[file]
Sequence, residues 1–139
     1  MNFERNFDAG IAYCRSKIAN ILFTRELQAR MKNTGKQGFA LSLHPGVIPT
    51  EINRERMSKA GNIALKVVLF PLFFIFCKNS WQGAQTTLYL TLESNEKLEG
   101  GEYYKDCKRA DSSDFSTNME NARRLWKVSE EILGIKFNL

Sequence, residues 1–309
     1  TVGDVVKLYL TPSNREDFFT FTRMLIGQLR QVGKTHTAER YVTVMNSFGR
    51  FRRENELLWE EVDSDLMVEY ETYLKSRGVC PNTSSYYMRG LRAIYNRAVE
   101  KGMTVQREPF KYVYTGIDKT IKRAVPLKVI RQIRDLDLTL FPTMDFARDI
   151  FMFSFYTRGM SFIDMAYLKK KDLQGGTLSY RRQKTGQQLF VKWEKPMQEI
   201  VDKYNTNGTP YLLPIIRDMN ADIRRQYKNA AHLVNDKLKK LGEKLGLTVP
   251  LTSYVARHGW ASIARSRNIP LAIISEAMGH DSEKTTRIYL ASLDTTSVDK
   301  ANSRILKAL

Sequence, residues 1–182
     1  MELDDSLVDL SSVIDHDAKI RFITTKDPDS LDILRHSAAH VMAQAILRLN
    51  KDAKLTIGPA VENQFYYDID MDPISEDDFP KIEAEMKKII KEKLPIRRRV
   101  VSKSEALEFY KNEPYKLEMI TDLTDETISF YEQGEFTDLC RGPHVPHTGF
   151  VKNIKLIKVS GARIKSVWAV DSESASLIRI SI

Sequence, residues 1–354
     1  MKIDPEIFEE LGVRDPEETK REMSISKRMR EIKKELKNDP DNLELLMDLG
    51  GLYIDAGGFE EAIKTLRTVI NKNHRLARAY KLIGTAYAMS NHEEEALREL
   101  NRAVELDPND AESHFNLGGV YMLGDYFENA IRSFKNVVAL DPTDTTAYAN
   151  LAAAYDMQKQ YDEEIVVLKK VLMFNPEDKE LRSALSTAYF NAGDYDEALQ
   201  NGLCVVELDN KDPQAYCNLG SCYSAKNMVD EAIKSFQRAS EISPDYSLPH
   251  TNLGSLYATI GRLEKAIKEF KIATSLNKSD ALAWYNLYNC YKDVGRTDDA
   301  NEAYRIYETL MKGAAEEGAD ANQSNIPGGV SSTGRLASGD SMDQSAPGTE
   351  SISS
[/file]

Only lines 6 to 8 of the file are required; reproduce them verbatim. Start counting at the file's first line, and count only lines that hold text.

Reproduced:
     1  TVGDVVKLYL TPSNREDFFT FTRMLIGQLR QVGKTHTAER YVTVMNSFGR
    51  FRRENELLWE EVDSDLMVEY ETYLKSRGVC PNTSSYYMRG LRAIYNRAVE
   101  KGMTVQREPF KYVYTGIDKT IKRAVPLKVI RQIRDLDLTL FPTMDFARDI